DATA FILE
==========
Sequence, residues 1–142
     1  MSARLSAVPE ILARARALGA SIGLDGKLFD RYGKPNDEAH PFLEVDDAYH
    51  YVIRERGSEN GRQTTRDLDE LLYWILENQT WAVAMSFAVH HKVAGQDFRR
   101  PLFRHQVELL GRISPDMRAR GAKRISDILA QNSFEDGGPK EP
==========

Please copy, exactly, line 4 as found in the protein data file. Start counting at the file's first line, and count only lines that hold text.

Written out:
   101  PLFRHQVELL GRISPDMRAR GAKRISDILA QNSFEDGGPK EP